Under the $24 million reimbursement program, fishers could recoup up to $75,000 spent on upgrading their equipment if the purchases occurred after September 2019. New and updated equipment would hopefully increase the industry’s long-term sustainability, allowing them to travel farther, use new fishing methods or improve their facilities.

Another $13 million will fund projects geared toward improving the habitat or hydrology of an area by reducing the impact of freshwater. If awarded, the department would reimburse applicants, ranging from government agencies to businesses or organizations, for 75% of the project cost. There’s also several million dollars allotted to researching low-salinity oysters, improving public oyster seed grounds, charter ship grants and promoting forms of aquaculture.

Froeba said all of the programs are designed to be forward-looking, in an attempt to align with NOAA’s original guidance to create a more resilient fishing industry. Recently, though, the federal agency said it would allow direct payments to fishers harmed by the floods, changing its stance.

Several fishers had voiced their support for direct payments during a public comment period on the draft plan last June, but, so far, leaders in the crab and shrimp industry have asked for the state to keep the plan the same after presentations to their respective task forces this week.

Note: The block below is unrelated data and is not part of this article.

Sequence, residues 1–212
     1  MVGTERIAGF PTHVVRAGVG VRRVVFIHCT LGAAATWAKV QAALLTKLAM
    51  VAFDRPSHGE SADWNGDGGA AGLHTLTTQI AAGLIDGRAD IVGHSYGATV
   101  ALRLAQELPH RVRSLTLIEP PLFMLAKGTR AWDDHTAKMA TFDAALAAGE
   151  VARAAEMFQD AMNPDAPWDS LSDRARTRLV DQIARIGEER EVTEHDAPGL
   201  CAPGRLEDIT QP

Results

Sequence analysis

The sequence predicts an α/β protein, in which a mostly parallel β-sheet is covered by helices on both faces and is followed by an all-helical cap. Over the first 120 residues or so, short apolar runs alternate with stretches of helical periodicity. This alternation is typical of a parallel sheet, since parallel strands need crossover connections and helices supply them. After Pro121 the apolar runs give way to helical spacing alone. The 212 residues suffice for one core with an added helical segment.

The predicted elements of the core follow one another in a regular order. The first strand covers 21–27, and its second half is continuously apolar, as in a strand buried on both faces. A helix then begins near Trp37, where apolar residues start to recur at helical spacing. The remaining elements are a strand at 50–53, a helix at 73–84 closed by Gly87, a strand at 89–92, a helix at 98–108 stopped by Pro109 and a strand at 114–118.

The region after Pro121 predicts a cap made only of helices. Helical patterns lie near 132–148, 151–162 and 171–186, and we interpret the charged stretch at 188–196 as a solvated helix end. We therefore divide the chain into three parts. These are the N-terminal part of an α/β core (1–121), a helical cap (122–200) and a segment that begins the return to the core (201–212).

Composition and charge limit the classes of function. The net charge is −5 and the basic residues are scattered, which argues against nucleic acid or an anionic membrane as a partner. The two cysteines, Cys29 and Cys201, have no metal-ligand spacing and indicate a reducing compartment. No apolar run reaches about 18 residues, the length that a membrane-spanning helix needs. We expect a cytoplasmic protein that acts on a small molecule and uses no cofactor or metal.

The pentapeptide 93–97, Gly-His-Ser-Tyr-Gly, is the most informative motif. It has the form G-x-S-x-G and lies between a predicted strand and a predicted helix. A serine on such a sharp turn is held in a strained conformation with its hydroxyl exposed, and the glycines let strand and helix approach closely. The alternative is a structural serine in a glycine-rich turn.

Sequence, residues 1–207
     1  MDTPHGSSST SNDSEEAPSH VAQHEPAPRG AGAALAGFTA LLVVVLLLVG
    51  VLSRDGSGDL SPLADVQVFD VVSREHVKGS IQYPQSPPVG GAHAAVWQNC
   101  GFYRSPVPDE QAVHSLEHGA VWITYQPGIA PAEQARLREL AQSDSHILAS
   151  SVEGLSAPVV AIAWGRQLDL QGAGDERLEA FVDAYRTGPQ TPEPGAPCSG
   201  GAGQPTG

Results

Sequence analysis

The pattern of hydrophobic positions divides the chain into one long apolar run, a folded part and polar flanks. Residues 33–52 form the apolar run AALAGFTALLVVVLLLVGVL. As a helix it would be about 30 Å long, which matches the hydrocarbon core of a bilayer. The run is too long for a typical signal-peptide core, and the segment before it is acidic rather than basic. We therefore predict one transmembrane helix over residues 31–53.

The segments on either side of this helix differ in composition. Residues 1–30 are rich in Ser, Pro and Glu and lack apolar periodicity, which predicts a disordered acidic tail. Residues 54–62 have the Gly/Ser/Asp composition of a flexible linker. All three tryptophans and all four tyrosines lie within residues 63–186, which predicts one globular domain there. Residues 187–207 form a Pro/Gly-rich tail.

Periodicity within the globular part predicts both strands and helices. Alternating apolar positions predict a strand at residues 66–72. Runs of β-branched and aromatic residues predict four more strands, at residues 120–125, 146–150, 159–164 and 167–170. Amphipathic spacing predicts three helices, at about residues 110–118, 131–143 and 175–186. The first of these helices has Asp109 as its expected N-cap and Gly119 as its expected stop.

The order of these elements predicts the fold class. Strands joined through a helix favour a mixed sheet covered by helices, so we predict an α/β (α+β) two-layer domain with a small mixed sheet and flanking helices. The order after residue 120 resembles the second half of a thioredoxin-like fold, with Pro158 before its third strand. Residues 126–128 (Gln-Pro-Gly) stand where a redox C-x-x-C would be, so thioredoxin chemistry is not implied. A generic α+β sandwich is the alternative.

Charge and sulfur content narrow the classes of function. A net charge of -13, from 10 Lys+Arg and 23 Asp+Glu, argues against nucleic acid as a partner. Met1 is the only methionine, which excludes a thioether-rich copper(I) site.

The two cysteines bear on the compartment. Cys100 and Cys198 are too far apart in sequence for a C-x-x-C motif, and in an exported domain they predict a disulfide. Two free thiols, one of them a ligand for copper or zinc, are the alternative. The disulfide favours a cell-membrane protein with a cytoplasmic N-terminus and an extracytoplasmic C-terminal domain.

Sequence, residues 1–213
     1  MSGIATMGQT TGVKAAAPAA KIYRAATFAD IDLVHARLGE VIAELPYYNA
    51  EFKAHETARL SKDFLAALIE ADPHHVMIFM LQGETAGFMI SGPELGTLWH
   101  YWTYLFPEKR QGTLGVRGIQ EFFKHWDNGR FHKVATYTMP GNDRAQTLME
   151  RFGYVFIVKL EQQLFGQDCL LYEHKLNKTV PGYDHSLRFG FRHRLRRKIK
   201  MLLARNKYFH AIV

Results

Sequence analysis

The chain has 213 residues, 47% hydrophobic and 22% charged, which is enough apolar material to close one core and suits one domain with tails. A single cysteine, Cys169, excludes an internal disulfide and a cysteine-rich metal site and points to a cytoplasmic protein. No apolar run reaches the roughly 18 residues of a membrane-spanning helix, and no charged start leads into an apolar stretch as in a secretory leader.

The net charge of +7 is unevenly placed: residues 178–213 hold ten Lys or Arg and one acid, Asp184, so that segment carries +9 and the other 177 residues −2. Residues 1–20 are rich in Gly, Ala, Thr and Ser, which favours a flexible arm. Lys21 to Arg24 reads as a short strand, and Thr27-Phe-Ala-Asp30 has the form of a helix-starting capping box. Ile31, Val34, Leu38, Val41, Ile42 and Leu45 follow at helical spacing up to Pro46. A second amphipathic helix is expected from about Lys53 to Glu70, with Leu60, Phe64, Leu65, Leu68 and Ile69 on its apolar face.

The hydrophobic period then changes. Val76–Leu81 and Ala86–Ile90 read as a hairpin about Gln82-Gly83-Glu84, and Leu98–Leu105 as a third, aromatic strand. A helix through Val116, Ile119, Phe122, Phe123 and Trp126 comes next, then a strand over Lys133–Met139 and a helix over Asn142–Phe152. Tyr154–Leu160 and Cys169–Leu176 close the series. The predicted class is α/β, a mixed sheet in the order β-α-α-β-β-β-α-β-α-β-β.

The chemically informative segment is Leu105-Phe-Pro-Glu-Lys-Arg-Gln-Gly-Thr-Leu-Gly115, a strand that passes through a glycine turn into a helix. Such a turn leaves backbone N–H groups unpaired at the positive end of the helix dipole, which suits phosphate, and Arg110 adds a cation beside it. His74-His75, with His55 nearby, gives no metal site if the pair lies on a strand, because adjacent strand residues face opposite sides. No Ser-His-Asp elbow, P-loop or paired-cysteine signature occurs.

The state provided options for how a direct payment program could work in place of the equipment reimbursement program, including one that would spread that money over about 1,500 fishers and distribute according to the size of their loss. On average, most fishers would receive $3,000 to $5,000 under that program.

Mitch Jurisich oysters
Travis Lux
Mitch Jurisich holds two dead oysters on a boat in Empire, LA during the summer of 2019. Healthy oyster shells are typically brownish in color, but these, Jurisich says, have been blackened by prolonged exposure to freshwater. Months of flooding from the Mississippi River caused massive oyster die-offs in both Louisiana and Mississippi from the spring through the fall.

Breaux and others feared direct payments would reward those in the industry who chose to stay home rather than continue to try working in difficult conditions. She said she hoped the plan would remain the same and give money to fishers actively investing in their business.

“If you can't find receipts to show that you put money back into your business, you probably were going out of business. You probably were not even fishing anymore,” Breaux said.

With increasingly frequent Bonnet Carre Spillway openings and more extreme weather due to climate change, Froeba said the agency is also concerned about how continued disasters and relief will affect the industry, possibly disincentivizing fishers from making it on their own. But a final decision won’t come until after the state speaks with each industry.

“We want the industry to thrive, we don't want to create an industry that sits around and waits to receive disaster systems payments,” he said. “So, we hope that our programs eventually push those folks that are doing that work to continue to do it, and we’re not incentivizing anyone not to work.”

Halle Parker reports on the environment for WWNO's Coastal Desk. You can reach her at